Looking ahead to the future, Roland sees tech becoming more digital and artificial intelligence playing a much bigger role. He believes we have to watch out for complexity limitations though, as evidenced by the last example. “Essentially, as systems become more complex, it will be harder to find people who can deal with all of those complexities. Then you will suddenly get a lot of people with expertise in only small parts of a larger machine. That drives up costs and impacts the standard of healthcare. We aim to address the quadruple aim with better healthcare outcomes against lower costs, while improving patient and staff experience. That means that we have to stay conscious of how we’re developing and driving technological advancements, like AI. Chief Technology Officer Henk van Houten elaborates on this very point - the possibilities and limitations of AI and why AI and deep clinical knowledge need to go hand in hand in healthcare.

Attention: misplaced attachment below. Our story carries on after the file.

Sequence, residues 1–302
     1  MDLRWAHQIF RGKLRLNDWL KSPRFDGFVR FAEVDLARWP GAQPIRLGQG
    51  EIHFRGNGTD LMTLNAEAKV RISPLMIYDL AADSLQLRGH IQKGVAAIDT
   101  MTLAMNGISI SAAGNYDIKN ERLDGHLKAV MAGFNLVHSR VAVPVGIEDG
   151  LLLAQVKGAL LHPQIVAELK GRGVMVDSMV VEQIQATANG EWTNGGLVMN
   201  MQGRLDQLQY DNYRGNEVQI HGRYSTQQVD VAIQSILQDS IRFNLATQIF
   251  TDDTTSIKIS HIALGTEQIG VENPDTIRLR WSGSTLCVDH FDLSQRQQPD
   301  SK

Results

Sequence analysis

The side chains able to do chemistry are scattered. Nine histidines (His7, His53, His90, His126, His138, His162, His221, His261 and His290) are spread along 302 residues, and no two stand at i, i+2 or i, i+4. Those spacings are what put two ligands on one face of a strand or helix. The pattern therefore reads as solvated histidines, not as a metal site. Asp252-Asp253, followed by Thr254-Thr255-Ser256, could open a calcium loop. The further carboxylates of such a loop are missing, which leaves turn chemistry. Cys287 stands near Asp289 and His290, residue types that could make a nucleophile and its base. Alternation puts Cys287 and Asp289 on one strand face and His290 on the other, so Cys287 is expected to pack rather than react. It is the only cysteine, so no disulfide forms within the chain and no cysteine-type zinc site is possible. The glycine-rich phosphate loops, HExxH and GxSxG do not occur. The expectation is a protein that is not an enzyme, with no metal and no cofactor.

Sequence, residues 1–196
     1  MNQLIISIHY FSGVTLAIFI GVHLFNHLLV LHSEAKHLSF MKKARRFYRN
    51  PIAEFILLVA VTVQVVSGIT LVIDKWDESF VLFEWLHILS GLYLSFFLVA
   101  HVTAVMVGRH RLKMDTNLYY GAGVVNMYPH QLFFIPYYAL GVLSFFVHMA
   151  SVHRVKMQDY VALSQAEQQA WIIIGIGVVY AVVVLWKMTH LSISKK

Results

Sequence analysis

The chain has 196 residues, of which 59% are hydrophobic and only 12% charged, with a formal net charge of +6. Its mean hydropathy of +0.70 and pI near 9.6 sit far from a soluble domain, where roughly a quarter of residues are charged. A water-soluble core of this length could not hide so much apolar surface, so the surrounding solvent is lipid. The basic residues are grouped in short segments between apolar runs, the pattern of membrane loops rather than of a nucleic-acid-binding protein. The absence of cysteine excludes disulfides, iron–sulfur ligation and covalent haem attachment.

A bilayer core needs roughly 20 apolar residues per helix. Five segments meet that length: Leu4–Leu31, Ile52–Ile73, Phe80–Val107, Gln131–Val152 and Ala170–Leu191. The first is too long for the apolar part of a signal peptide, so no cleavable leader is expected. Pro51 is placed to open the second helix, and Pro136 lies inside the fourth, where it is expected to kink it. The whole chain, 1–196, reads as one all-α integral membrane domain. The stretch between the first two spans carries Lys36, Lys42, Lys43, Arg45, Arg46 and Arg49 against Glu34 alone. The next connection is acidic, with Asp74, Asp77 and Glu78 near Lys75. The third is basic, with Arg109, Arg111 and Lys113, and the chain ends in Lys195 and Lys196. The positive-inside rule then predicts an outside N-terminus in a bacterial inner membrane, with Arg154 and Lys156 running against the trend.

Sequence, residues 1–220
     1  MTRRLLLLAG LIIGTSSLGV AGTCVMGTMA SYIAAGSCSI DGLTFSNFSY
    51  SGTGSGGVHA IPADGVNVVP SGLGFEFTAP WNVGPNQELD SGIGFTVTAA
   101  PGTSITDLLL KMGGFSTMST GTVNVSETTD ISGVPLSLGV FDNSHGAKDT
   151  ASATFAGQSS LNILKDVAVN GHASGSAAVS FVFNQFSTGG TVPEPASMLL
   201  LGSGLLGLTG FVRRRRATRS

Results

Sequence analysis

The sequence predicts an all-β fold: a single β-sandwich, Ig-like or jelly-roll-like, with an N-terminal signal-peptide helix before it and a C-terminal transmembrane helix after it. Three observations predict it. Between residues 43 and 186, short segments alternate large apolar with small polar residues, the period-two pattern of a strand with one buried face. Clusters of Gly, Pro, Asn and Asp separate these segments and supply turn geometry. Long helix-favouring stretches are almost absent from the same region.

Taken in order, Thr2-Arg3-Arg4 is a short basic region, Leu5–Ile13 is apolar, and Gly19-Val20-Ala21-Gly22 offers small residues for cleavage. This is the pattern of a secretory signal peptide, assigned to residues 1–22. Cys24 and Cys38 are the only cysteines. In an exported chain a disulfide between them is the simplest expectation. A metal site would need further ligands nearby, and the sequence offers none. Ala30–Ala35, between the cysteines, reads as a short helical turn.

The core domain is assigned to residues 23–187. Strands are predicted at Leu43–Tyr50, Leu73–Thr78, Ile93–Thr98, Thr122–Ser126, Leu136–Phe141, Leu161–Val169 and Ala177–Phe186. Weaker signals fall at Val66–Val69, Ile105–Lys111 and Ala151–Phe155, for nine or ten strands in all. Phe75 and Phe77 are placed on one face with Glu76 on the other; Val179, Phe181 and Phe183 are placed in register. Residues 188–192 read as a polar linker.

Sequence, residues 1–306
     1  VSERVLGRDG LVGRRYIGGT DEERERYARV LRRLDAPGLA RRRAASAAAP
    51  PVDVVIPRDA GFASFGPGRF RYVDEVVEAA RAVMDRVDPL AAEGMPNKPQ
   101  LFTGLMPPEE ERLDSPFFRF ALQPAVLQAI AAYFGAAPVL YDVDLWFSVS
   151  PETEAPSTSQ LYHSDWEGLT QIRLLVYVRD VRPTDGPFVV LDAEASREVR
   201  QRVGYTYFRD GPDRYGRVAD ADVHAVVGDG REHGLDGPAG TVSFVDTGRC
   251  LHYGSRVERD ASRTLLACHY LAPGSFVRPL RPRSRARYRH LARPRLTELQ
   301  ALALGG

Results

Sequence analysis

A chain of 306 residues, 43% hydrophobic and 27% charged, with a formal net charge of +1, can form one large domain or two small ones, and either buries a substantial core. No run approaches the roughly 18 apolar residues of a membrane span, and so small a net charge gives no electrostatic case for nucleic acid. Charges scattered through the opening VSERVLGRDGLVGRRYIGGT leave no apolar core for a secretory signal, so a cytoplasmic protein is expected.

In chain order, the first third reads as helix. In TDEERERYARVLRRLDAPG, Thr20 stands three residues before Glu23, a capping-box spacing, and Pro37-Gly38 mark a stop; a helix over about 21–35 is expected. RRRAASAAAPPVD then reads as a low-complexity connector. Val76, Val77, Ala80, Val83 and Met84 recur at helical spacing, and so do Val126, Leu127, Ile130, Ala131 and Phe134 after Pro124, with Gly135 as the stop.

Yet, Roland believes Philips is on the right path by focusing on solving the big problems. “It’s a matter of balancing commercial and business questions with the ethical, human impacts and choosing to do things because it’s better for the world. Because in the end, we operate in an environment where our work has an impact on the most important stakeholder of all: people.”